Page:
April 12, 2024

Artificial Heart Valves: A Life Saving Medical Innovation

History and Development of Prosthetic Heart Valves

The first successful heart valve replacement surgery was performed in the 1960s, ushering in a new era of treatment for valvular heart disease. Prior to the development of artificial valves, severe valve disorders were often fatal, as there were no treatment options available. Pioneering cardiac surgeons like Alain Carpentier in France began experimenting with different prosthetic materials and designs to create functioning replacement valves. Some of the earliest artificial valves utilized prosthetic balls and cages made of materials like Teflon and Silastic rubber. Through numerous clinical trials involving thousands of patients worldwide, surgeons gradually refined valve designs and operation techniques over the following decades.

Modern Prosthetic Heart Valves

Today, there are three main types of prosthetic heart valves in clinical use – mechanical valves, bioprosthetic valves (tissue valves), and homograft valves. Mechanical valves are constructed from non-biological materials like carbon and various metals alloyed with titanium. They have movable discs or leaflets that open and close to regulate blood flow. Due to their durability, mechanical valves can last the lifetime of the recipient with minimal risk of structural deterioration. However, the presence of foreign surfaces increases the risk of blood clot formation, requiring patients to take anticoagulant medications lifelong.

Bioprosthetic or tissue valves are engineered from either animal (porcine or bovine) tissues or human donor cadaver tissues. The intention is to mimic the structure and function of native heart valves as closely as possible using biological materials. Porcine (pig) and bovine (cow) tissue valves are commonly used due to availability. They have a low risk of clotting and thus do not routinely require anticoagulation therapy. However, the non-human origin leads to an increased risk of calcification and structural valve deterioration over 10-20 years, eventually necessitating re-replacement in many patients.

Homograft or human tissue valves are harvested from human cadaver donors and transplanted directly or after minimal treatment. They carry the lowest risk of clotting and calcification compared to mechanical or other bioprosthetic valves. However, due to shortage of donors and required tissue matching, homografts make up a very small percentage of heart valve replacement procedures globally. Cryopreserved (frozen) homografts have shown promise in extending tissue durability compared to conventional preservation techniques as well.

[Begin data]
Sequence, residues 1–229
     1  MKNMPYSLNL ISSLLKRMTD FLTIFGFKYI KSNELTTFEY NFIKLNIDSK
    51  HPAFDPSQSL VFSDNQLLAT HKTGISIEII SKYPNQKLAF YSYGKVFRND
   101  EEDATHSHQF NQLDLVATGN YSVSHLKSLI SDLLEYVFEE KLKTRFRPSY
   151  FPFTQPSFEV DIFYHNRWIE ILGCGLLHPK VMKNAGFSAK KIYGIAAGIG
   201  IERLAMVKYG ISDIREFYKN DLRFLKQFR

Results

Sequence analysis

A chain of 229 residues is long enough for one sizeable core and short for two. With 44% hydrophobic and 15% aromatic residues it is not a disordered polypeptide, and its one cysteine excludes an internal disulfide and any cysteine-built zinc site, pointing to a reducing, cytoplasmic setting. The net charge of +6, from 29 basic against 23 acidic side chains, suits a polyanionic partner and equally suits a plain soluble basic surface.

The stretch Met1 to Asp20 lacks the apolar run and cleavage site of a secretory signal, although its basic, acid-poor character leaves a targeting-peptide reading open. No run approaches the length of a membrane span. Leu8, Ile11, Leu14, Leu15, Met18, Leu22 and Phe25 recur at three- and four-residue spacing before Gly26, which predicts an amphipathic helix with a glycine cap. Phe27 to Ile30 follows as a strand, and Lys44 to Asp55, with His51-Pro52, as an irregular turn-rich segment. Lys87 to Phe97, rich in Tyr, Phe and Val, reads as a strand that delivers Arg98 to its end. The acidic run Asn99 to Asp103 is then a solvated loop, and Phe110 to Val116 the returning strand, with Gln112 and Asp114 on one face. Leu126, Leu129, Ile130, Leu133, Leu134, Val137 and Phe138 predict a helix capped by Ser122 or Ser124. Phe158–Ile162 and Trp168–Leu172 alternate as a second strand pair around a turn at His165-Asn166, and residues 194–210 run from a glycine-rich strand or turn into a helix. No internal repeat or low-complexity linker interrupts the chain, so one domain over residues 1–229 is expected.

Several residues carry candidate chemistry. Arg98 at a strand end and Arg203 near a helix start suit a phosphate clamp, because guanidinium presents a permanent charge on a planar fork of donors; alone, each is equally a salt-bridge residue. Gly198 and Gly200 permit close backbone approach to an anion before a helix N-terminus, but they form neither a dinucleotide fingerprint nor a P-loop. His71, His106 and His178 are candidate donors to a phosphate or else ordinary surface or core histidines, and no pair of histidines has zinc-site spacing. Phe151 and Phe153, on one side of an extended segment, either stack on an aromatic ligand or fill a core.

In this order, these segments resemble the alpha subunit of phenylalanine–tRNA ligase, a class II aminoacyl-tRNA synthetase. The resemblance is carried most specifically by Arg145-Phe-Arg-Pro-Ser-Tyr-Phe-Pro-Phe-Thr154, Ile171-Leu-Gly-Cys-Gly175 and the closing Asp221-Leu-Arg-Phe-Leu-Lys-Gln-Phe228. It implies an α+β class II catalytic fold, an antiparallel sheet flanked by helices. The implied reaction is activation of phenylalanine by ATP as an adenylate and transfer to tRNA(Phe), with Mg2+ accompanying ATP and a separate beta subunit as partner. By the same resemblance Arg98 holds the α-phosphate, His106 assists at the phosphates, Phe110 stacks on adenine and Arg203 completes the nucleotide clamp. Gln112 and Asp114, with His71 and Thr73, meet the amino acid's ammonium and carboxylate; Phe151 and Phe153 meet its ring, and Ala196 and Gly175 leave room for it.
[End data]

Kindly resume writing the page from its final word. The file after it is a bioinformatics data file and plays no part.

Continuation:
Factors Considered in Prosthetic Valve Selection

The choice of prosthetic valve depends on individual patient factors like age, lifestyle, other medical conditions, lifestyle requirements and goals of therapy. Younger, more active patients beneath the age of 60-65 are usually offered mechanical valves due to their long-lasting durability, allowing a more active lifestyle without reoperation worries or risks of structural valve deterioration over the lifespan. However, they require lifelong anticoagulation with medications like warfarin which has bleeding risks and dietary restrictions.

Older patients and those with other medical issues that raise bleeding risks are often provided bioprosthetic valves to avoid blood thinners. However, tissue valves only last 10-20 years on average before needing replacement, incurring additional surgical risk with each reoperation especially in elderly patients. For those expected to outlive the durability of a bioprosthetic valve, a mechanical valve may still be recommended. Careful discussion weighing all pros and cons is necessary in individualized decision making.

Surgical Techniques and Outcomes

Heart valve replacement surgery involves opening the chest cavity through a median sternotomy incision and placing the patient on cardiopulmonary bypass. The damaged native valve is completely excised and replaced with the prosthetic device, which is sutured into position using careful surgical methods and techniques. Recovery afterwards may require 1-2 weeks in hospital and 4-6 weeks of limited activity while healing.

With advances in surgical techniques and technology, early and late outcomes after prosthetic valve replacement have dramatically improved over the decades. In skilled centers today, 30-day mortality rates are below 3% even for high-risk patients. Ten-year survival post-operation exceeds 70% according to registry studies. Careful postoperative care involving cardiac rehabilitation and special medical therapy can help recipients enjoy near normal quality of life and longevity comparable to the general population. Periodic cardiology follow up is still required due to lifelong medication needs in some patients.

Overall, modern artificial heart valves have transformed the prognosis of valve disease, giving patients with life-threatening disorders the chance for extended functional lives through a single surgical intervention. Continued research aims to further reduce surgical trauma and recovery times while developing novel valve designs with optimized durability and reduced thrombogenicity. With further innovations, prosthetic valves should continue improving quality of life for tens of millions of individuals around the globe impacted by valvular cardiac conditions.


  1. Source: Coherent Market Insights, Public sources, Desk research
  2. We have leveraged AI tools to mine information and compile it